Mark Rudi, a public information officer with the Health Sciences Center, told the Daily Lobo that in addition to using the reserves, "the hospital will pursue Mortgage Insurance under HUD Section 242 of the National Housing Act, which provides mortgage insurance for acute care hospital facilities."

Chicarelli said at this point, UNMH have not actually applied with HUD for insurance funding. This is because the project is only at schematic design, and other tasks must first be accomplished before an HUD application.

When asked by the Daily Lobo about where the surplus funds came from, Rudi said, "The funds were from surpluses in operations, with the majority coming from the transition under the Affordable Care Act (ACA) in fiscal year 2015."

The ACA provided health insurance via Medicaid to many of the indigent patients that UNMH previously had to pay for.

Rehm estimated the number of uninsured indigent patients dropped from approximately 100,000 per year in 2013 to as low as 35,000 after the ACA went into effect.

"I am not saying we shouldn’t take care of indigents, but we are bringing in more money than we need," said Rehm.

Rehm explained that he believes UNMH brings in nearly $100 million a year from the Bernalillo County mill levy property tax, and said despite what hospital leadership has told the legislature in the past, their income is exceeding their expenditures.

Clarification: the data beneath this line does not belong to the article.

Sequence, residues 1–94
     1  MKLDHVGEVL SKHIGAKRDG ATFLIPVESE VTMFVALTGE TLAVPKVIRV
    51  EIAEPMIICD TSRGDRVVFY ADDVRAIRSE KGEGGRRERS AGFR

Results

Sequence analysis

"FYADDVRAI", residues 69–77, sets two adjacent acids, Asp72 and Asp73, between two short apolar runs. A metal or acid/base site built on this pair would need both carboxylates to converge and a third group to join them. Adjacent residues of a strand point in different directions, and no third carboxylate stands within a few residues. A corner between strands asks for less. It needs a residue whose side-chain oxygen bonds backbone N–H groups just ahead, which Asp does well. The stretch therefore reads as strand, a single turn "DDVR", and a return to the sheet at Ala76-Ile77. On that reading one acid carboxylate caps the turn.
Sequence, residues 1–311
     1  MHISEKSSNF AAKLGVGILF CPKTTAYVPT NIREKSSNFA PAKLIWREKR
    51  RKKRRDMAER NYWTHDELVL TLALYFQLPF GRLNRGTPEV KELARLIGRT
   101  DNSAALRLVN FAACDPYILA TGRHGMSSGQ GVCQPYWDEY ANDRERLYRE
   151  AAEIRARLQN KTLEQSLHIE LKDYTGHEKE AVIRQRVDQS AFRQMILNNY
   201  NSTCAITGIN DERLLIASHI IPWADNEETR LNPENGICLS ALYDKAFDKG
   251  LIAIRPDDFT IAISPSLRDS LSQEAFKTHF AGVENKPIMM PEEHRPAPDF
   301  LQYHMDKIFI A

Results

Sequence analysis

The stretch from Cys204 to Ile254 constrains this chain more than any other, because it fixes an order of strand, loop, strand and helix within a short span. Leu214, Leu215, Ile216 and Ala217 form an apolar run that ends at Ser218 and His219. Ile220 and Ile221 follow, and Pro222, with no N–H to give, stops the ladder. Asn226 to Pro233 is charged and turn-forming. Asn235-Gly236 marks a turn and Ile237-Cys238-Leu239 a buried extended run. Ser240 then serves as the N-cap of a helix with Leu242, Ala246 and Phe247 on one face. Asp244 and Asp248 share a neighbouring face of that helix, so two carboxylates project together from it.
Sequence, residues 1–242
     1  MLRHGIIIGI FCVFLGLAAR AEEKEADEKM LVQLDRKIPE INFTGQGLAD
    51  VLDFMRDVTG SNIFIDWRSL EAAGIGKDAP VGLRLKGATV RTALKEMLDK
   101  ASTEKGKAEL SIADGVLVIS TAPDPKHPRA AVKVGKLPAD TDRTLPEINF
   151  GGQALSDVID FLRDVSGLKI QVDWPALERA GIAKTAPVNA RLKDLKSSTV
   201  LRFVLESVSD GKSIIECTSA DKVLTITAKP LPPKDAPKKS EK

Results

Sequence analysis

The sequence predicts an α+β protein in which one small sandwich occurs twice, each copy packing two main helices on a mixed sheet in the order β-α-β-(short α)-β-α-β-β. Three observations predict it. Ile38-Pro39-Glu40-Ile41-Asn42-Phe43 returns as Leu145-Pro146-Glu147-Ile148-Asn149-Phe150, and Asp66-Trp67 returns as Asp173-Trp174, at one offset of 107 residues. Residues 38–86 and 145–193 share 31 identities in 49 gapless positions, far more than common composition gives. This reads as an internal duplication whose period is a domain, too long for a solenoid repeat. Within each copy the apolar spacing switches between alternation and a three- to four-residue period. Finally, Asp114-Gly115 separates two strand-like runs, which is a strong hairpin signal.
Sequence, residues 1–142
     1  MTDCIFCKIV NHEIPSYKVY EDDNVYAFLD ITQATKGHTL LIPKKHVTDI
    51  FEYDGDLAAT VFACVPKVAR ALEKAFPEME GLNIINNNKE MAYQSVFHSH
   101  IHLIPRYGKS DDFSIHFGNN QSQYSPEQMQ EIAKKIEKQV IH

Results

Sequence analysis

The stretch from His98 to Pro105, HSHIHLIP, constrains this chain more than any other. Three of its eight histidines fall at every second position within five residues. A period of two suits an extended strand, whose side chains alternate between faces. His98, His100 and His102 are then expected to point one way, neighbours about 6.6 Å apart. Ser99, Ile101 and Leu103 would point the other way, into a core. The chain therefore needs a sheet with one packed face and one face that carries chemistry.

When asked about how much income UNMH makes after expenses each year, Chicarelli said, "Unfortunately, I don’t know the answer to that. I would have to pull the numbers and I don’t want to misquote… I’m the COO, not the CFO."

According to the 2018 University of New Mexico Hospital Audit Report conducted by the New Mexico State Auditor, UNMH ended 2018 with $317,080,830 in total net position (assets minus liabilities).

Concerns have also been raised about about UNMH’s plans for staffing the new facility.

The Daily Lobo reported that last month UNMH lost their neurosurgical residency accreditation in August of this year. One of the residents’ allegations to the accreditation body was that residents were "consistently taken out of the operating room to perform basic service-related tasks that are typically performed by nurse practitioners and physician assistants" due to was "inadequate non-physician clinical staffing" that was needed to support the program.

Eleanor Chavez, district president of nurses' union Local 1199, said despite the hospital’s reserves, hospital administration has consistently tried to cut corners when it comes to staffing costs.

The union and UNMH recently ended negotiations over healthcare premiums where the hospital was pushing for nurses and other support staff to start covering a portion of their own healthcare costs. Chavez said for a lot of low wage workers at the hospital, this "would have forced a lot of them to go without health insurance."

Ultimately, the union and administration agreed to have the hospital continue to cover employees’ healthcare premiums, but Chavez pointed out employees are still on their own for any dependents that need coverage.

"Our position is that the hospital needs to be a leader in healthcare — including the healthcare they provide their employees," Chavez said.

The hospital has not released any additional information about how it will address the recurring operational costs after the expansion is up and running.

According to Rudi, "planning is expected to be completed in the next year, construction is set to begin in August of 2020 and the first patient should be admitted in November of 2024."

Lissa Knudsen is a beat reporter at the Daily Lobo. She can be contacted at news@dailylobo.com or on Twitter @lissaknudsen